I’m sure many of you enjoy the now many seasons of the BBC’s adaptation of G.K. Chesterton’s Father Brown stories. Gilbert Keith Chesterton (1874-1936) was an interesting person who was also an articulate Christian apologist in the early 20th century. Two of his books about Christian theology, Orthodoxy and The Everlasting Man are still regarded as significant in understanding the core principles of Christian faith. Chesterton himself, as he delved more deeply into it all, eventually moved from the Church of England to Roman Catholicism. It is thought that the parish priest the Rt Rev. Msgr. John O’Connor, who was significant in Chesterton’s shift in 1922, was the priest upon whom Father Brown was modeled.
Chesterton really enjoyed writing about this priest who could see clearly the good and evil in people and circumstance, and so sort out the situations. If you’ve watched the television series, you know how closely Father Brown observes everyone and everything. The humor in these stories, and the excellent mystery plots are all part of Chesterton’s broad view of life and the world.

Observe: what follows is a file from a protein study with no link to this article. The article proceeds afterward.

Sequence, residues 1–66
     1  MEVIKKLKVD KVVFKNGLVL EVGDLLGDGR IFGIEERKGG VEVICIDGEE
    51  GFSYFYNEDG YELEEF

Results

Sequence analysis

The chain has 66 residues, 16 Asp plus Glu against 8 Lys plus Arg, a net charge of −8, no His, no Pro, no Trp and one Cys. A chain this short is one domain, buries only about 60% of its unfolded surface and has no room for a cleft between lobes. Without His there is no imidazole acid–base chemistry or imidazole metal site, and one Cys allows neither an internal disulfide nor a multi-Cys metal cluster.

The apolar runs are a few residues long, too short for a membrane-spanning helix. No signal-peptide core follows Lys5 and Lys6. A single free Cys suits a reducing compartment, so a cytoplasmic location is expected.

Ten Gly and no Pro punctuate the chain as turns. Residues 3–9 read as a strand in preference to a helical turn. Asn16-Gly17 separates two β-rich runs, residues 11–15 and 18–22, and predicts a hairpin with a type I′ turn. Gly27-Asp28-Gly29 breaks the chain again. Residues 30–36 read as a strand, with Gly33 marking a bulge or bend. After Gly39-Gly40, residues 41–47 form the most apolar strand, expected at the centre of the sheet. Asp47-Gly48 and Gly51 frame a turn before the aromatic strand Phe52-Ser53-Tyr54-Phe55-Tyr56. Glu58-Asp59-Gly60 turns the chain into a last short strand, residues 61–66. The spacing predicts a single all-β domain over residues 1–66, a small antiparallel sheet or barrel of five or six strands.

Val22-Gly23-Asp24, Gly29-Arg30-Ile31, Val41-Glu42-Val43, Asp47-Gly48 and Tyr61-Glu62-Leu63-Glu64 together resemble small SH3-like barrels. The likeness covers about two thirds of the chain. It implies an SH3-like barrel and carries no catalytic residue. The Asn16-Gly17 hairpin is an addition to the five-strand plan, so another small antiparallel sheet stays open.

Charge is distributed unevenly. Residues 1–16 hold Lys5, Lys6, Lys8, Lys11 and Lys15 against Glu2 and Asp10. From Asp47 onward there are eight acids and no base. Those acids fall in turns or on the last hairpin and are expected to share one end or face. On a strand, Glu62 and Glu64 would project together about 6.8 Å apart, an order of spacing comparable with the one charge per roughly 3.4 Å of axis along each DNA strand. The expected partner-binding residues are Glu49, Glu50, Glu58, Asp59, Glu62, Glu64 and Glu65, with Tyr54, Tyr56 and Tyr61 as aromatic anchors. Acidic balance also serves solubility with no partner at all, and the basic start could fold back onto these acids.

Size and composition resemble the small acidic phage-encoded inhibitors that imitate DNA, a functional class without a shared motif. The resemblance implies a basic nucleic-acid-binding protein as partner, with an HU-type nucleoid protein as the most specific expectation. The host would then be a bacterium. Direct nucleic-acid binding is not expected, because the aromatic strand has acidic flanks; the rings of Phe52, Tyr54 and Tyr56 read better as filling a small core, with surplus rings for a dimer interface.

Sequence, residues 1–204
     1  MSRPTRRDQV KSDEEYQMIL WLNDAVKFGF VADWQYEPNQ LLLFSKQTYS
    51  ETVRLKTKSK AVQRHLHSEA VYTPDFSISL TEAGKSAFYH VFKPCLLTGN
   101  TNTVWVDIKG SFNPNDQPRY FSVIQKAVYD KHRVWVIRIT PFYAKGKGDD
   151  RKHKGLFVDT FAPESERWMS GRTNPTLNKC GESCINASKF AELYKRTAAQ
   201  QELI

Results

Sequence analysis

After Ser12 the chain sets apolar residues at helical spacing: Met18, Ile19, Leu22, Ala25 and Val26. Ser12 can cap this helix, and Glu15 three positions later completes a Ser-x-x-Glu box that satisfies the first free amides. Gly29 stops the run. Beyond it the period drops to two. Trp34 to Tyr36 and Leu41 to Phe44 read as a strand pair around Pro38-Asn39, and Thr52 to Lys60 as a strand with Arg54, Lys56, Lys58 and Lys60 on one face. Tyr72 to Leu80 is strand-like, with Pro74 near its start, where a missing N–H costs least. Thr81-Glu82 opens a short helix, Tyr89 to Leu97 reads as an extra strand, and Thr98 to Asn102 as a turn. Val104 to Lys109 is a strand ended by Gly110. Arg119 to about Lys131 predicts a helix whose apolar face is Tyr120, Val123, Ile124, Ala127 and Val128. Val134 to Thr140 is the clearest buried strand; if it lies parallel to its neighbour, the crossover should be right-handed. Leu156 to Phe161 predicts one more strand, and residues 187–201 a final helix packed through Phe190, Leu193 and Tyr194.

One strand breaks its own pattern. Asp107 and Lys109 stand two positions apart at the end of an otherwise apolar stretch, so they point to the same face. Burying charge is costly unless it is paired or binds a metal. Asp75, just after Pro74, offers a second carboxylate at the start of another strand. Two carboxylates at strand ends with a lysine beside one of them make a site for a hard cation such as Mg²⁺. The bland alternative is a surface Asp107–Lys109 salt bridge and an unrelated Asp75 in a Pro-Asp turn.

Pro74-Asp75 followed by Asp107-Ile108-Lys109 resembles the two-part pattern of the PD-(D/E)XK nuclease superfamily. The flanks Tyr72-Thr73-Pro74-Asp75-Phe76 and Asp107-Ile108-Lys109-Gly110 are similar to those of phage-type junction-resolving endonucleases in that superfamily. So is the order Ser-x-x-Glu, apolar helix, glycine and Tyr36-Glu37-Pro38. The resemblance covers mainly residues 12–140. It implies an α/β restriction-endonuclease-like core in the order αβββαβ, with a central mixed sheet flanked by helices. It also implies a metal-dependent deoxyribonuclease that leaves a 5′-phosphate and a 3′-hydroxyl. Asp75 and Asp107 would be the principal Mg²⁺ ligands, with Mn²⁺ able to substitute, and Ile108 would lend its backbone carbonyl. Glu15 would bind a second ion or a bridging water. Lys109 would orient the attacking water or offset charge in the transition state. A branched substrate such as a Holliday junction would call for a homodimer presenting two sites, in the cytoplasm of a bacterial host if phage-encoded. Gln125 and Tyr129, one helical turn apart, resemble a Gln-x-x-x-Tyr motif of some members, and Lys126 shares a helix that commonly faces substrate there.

He was the first president of The Detection Club, a group formed in 1930 that included Agatha Christie, Marjorie Allingham, and Dorothy L. Sayers, to name a few. Chesterton, who was a very large man, wore flowing robes and had new initiates place their hand on a skull and recite this oath: Do you promise that your detectives shall well and truly detect the crimes presented to them using those wits which it may please you to bestow upon them and not placing reliance on nor making use of Divine Revelation, Feminine Intuition, Mumbo Jumbo, Jiggery-Pokery, Coincidence, or Act of God? Despite the tomfoolery, these authors were deadly serious about their craft, and they did it very well.
Reading the Father Brown stories is a real treat, and would certainly be an anecdote to the current world crisis. There were five volumes and many stories. Penguin still publishes a collection of all the stories.